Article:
John 9:40-41 “And some of the Pharisees which were with him heard these words, and said unto him, Are we blind also? Jesus said unto them, If ye were blind, ye should have no sin: but now ye say, We see; therefore your sin remaineth.”

Lawyers also tempted Him and came under condemnation, although many if not most of the lawyers were also Pharisees. He accuses them of laying burdens upon people that were too great for them to bear, while they themselves did not practice what they preached. He also accused them of taking away the key to God's knowledge and while not studying themselves, they also prevented those who would study from studying.

Matthew 22:35-36 “Then one of them, which was a lawyer, asked him a question, tempting him, and saying, Master, which is the great commandment in the law?”

Luke 7:30 “But the Pharisees and lawyers rejected the counsel of God against themselves, being not baptized of him.”

Matthew 10:25 “And, behold, a certain lawyer stood up, and tempted him, saying, Master, what shall I do to inherit eternal life?”

Luke 11:45-47 “Then answered one of the lawyers, and said unto him, Master, thus saying thou reproachest us also. And he said, Woe unto you also, ye lawyers! for ye lade men with burdens grievous to be borne, and ye yourselves touch not the burdens with one of your fingers. Woe unto you! for ye build the sepulchres of the prophets, and your fathers killed them.”

Luke 11:52 Woe unto you, lawyers! for ye have taken away the key of knowledge: ye entered not in yourselves, and them that were entering in ye hindered.

The Pharisees were always looking for a way to find fault with Jesus or tempt Him in some way. They sought to trip Him up so that they could accuse Him and put Him to death, as He was a thorn in their side with His flaunting of their traditions and showing the people that they were not the righteous leaders they claimed to be. It undermined their authority.

Mathew 9:10-11 “And it came to pass, as Jesus sat at meat in the house, behold, many publicans and sinners came and sat down with him and his disciples. And when the Pharisees saw it, they said unto his disciples, Why eateth your Master with publicans and sinners?

Mark 2:16 “And when the scribes and Pharisees saw him eat with publicans and sinners, they said unto his disciples, How is it that he eateth and drinketh with publicans and sinners?”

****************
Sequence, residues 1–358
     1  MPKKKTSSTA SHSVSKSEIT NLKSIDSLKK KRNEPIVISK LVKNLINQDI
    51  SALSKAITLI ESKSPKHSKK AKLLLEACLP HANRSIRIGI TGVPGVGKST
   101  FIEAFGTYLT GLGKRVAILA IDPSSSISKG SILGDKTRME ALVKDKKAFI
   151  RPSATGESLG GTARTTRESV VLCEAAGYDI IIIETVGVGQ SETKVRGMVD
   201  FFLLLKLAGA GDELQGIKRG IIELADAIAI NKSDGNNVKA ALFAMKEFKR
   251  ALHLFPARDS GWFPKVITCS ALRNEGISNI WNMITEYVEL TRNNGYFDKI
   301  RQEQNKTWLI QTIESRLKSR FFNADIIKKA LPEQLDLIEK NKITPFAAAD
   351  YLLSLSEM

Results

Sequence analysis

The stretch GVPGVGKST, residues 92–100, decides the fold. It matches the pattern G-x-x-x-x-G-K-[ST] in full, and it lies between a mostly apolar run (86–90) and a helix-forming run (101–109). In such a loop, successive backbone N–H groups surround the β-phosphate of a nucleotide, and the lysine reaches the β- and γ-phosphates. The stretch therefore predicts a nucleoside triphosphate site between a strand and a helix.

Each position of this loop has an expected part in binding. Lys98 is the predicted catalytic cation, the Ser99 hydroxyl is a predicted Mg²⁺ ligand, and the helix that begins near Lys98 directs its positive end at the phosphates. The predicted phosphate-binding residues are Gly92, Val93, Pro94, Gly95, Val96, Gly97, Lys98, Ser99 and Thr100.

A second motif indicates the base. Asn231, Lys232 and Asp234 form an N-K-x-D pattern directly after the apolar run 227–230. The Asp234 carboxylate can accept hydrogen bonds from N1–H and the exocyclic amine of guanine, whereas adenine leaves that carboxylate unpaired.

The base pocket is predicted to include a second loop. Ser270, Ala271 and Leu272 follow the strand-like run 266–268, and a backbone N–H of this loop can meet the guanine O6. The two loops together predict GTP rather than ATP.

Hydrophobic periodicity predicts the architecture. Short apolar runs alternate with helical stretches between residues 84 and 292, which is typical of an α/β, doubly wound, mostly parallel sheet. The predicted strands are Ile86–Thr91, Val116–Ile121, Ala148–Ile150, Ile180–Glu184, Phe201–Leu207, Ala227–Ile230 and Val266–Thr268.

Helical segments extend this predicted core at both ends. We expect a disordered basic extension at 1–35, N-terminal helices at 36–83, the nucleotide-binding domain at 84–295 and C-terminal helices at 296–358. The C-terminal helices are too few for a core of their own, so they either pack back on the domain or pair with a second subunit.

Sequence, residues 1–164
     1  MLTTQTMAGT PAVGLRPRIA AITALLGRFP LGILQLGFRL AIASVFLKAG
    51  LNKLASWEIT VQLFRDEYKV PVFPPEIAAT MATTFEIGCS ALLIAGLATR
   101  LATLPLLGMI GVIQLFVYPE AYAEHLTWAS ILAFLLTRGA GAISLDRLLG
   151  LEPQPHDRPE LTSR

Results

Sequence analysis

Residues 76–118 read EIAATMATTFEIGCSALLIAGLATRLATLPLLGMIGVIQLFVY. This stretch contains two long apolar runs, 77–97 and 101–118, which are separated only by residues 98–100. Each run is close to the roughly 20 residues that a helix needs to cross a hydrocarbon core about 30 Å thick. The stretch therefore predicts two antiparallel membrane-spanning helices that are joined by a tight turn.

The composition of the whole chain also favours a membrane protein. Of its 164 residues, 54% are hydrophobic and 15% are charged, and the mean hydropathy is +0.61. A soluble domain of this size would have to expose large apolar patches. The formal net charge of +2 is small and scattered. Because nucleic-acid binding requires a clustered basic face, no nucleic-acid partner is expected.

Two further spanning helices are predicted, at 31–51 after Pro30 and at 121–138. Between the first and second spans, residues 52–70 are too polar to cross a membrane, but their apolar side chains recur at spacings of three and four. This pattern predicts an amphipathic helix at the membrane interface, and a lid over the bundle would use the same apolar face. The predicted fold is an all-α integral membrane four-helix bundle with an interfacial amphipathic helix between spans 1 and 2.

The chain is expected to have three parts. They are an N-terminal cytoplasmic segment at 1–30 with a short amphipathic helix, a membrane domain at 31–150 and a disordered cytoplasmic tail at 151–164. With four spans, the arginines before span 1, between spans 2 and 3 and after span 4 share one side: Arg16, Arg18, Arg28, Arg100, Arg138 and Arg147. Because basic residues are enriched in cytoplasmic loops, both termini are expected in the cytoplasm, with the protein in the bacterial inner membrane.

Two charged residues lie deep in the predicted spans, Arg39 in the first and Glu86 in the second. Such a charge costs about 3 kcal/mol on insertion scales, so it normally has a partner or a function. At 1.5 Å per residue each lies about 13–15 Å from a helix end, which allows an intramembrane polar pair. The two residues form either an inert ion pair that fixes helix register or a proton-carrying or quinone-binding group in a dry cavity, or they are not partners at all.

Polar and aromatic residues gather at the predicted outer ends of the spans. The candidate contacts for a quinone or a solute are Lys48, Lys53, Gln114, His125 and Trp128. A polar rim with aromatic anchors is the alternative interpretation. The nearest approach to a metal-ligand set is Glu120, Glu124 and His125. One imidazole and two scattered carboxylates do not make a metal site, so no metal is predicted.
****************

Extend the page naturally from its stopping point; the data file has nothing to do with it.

Luke 5:30 “But their scribes and Pharisees murmured against his disciples, saying, Why do ye eat and drink with publicans and sinners?”

Luke 15:2 “And the Pharisees and scribes murmured, saying, This man receiveth sinners, and eateth with them.

Matthew 11:19 “The Son of man came eating and drinking, and they say, Behold a man gluttonous, and a winebibber, a friend of publicans and sinners.”

Luke 7:34 “The Son of man is come eating and drinking; and ye say, Behold a gluttonous man, and a winebibber, a friend of publicans and sinners!”

Matthew 9:34 “But the Pharisees said, He casteth out devils through the prince of the devils.”

Matthew 12:24 “But when the Pharisees heard it, they said, This fellow doth not cast out devils, but by Beelzebub the prince of the devils.”

Matthew 12:2 “But when the Pharisees saw it, they said unto him, Behold, thy disciples do that which is not lawful to do upon the sabbath day.”

Mark 2:24And the Pharisees said unto him, Behold, why do they on the sabbath day that which is not lawful?”

Luke 6:2 “And certain of the Pharisees said unto them, Why do ye that which is not lawful to do on the sabbath days?”

Matthew 12:10 “And, behold, there was a man which had his hand withered. And they asked him, saying, Is it lawful to heal on the sabbath days? that they might accuse him.”

Mark 3:2 “And they watched him, whether he would heal him on the sabbath day; that they might accuse him.”

Luke 6:7 “And the scribes and Pharisees watched him, whether he would heal on the sabbath day; that they might find an accusation against him.”

John 9:16a “Therefore said some of the Pharisees, This man is not of God, because he keepeth not the sabbath day.”

Matthew 12:14 “Then the Pharisees went out, and held a council against him, how they might destroy him.”

Mark 3:6 “And the Pharisees went forth, and straightway took counsel with the Herodians against him, how they might destroy him.

Matthew 19:3 The Pharisees also came unto him, tempting him, and saying unto him, Is it lawful for a man to put away his wife for every cause?”

Mark 10:2 “And the Pharisees came to him, and asked him, Is it lawful for a man to put away his wife? tempting him.”

Luke 7:30 “But the Pharisees and lawyers rejected the counsel of God against themselves, being not baptized of him.”

Luke 13:14 And the ruler of the synagogue answered with indignation, because that Jesus had healed on the sabbath day, and said unto the people, There are six days in which men ought to work: in them therefore come and be healed, and not on the sabbath day. ”

Matthew 21:45-46 “And when the chief priests and Pharisees had heard his parables, they perceived that he spake of them. But when they sought to lay hands on him, they feared the multitude, because they took him for a prophet.”

Matthew 22:15 “Then went the Pharisees, and took counsel how they might entangle him in his talk.”

Mark 12:13 “And they send unto him certain of the Pharisees and of the Herodians, to catch him in his words.”

Luke 11:53-54 “And as he said these things unto them, the scribes and the Pharisees began to urge him vehemently, and to provoke him to speak of many things: Laying wait for him, and seeking to catch something out of his mouth, that they might accuse him.”